To hear the nattering nabobs of negativity (I’m a history student) who love to feast on all things Apple, it happened last quarter, and the proof is in Apple’s recently adjusted guidance to the stock market. Sales for the last quarter are not going to be what Apple said they were going to be.
Boom Go Bust
In a word, China. Apple says the drastically changing and uncertain market in China has impacted iPhone, iPad, and Mac sales in the company’s second largest market.
It’s the end of the iPhone, right? Wrong. Well, it’s the end of the iPhone boom, right? Wrong. The iPhone boom ended about four years ago. Uh huh. iPhone unit sales have been on a plateau of sorts for four years. Revenue has continued to climb because Apple’s Services business is growing like crazy, and gross margins have been protected thanks to higher prices.
The iPhone boom is over. So is the smartphone boom. Unless you live in Africa or India, where there remains smartphone growth opportunities, but not for Apple. iPhone is an aspirational brand and many smartphone users in those markets and other developing markets cannot afford Apple’s higher prices. That has not dampened Apple’s ability to gain revenue share and profit share in those markets.
Jason Snell, who should know better, wrote:
The Ride Is Over: Apple Faces the End of the iPhone Boom
That boom mostly ended four years ago. Apple has coasted along on higher prices and Services revenue growth, but there is no boom gone bust; not last quarter. Not now. How about four years ago.
What can we expect of the future, sans boom?
We will spend the rest of our lives in the world of the smartphone, that heady first decade of expansion — from the day the first iPhone shipped in mid-2007 — is over.
So-called smartphones existed before iPhone and Android, but they were not so smart, and not quite so ubiquitous on the world stage.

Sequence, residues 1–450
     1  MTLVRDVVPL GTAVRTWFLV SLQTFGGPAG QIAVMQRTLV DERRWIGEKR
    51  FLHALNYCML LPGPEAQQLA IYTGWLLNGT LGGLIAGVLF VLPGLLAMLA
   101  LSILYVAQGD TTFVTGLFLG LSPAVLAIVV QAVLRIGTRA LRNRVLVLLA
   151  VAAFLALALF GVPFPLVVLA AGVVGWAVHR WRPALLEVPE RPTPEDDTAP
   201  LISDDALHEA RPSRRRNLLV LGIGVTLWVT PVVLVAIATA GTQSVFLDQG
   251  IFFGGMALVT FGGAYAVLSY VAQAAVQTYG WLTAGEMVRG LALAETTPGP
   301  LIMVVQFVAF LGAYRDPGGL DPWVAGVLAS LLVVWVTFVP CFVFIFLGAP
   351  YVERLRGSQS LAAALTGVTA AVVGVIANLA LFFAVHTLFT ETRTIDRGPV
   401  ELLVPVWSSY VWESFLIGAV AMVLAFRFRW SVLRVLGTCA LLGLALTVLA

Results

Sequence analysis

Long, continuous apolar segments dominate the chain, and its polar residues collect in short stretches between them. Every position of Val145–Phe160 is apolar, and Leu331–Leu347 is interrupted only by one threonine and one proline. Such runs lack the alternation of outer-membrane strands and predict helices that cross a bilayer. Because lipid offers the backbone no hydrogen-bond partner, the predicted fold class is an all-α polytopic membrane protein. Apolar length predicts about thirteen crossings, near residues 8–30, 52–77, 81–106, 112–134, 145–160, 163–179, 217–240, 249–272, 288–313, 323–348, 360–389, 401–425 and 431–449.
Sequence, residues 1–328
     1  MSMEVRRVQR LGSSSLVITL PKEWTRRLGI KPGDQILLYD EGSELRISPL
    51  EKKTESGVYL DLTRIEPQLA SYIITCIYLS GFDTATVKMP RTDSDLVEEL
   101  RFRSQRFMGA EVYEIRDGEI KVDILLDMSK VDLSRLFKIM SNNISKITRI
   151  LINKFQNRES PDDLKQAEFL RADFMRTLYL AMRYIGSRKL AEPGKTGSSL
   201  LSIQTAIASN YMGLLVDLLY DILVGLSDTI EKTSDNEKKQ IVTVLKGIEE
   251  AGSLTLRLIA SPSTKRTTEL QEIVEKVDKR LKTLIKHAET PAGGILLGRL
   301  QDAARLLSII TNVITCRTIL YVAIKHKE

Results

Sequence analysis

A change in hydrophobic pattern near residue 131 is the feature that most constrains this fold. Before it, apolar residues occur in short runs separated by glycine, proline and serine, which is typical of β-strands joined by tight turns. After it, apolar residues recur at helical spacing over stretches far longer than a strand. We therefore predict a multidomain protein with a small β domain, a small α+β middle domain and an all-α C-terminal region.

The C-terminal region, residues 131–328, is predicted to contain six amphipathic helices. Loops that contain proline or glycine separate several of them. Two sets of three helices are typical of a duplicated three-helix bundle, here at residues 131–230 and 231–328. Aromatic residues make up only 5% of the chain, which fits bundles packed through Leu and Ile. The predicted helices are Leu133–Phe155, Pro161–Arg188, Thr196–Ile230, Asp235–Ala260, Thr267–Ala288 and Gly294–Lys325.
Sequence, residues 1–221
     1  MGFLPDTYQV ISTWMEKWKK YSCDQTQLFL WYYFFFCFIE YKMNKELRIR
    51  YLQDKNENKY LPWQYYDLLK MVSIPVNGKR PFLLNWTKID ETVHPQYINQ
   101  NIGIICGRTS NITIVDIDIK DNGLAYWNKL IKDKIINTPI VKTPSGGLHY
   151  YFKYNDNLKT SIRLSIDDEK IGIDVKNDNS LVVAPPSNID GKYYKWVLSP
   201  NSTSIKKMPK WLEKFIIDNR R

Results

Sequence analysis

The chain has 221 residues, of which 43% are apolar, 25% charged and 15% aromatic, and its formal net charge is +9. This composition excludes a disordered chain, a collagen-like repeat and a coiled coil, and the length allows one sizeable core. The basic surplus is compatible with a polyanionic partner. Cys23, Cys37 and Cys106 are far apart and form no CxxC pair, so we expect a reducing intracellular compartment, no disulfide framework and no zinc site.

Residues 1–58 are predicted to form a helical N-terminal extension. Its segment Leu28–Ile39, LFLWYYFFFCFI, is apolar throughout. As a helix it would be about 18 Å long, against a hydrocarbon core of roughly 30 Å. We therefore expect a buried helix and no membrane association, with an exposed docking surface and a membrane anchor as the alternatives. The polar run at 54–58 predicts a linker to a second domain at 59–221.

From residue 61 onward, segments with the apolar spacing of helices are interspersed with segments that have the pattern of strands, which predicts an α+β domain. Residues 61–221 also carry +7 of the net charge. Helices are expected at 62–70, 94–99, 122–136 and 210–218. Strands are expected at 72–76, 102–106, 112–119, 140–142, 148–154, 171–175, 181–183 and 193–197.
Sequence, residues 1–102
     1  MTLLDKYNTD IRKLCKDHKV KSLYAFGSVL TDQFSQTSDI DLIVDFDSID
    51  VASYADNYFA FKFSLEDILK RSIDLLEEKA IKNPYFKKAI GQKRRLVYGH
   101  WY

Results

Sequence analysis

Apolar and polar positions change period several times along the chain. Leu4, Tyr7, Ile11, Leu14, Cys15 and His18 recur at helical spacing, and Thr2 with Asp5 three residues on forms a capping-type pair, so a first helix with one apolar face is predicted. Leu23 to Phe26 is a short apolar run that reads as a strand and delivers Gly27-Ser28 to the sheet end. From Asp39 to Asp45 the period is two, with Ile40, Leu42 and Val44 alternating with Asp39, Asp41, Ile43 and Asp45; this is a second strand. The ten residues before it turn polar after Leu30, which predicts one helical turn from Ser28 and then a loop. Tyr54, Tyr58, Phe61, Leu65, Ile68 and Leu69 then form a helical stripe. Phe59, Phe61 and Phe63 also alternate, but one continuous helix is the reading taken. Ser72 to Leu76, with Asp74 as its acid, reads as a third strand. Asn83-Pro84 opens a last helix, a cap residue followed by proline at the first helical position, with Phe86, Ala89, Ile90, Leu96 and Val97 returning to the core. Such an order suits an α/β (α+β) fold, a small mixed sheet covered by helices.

iPhone changed the course of the smartphone industry. Google’s copycat Android OS perhaps changed it more, but nobody mocks Google or Android for the end of the boom.
Only Apple gets booed, right?
And all the companies that capitalized on that decade — most notably Apple and Samsung — are still coming to grips with the next (mostly boring) phase in the life of the smartphone industry.
Yeah, everyone comes to grips with reality that cannot be controlled, but note that among those with most of the smartphone industry’s revenue and profits, Apple and Samsung own about 90-percent, and most of that belongs to Apple.
As to whether or not we will have smartphones for the rest of our lives remains to be determined. Change happens. That’s why Nokia is an also ran brand, and Apple, Samsung, and Google are industry leaders (sales units, revenue, and profits) not the Chinese knockoff brands.
Wall Street seems to be panicking about Apple, but that’s because Wall Street is focused on growth. Let’s keep some perspective here: Apple is one of the most profitable companies in the world and its revised-down quarter will still be its second-largest revenue quarter of its 43-year existence.
Growth is one of the metrics that many influential investors want to see in a company. Revenue, customer base, profitability, diverse revenue and profit streams often get ignored except by the savvy investor. That’s why Amazon, Google, Facebook, and Microsoft get rewarded on Wall Street while APPL is in the dumpster. Dumpster? Remember, dumpster divers get rewarded, and for every stock sold, someone is buying.
Yes, the iPhone boom era has ended. But it ended four years ago.
Snell comes to his senses with a good perspective on how Apple has changed course in recent years, and his missive is worth reading.
If you are expecting Apple, or anyone else, to come up with a new product category of the size and world-changing scope of the smartphone, I wouldn’t hold my breath. This feels like a once-in-a-lifetime ride.
The boom is over. The boom has been over for a few years. Get over it.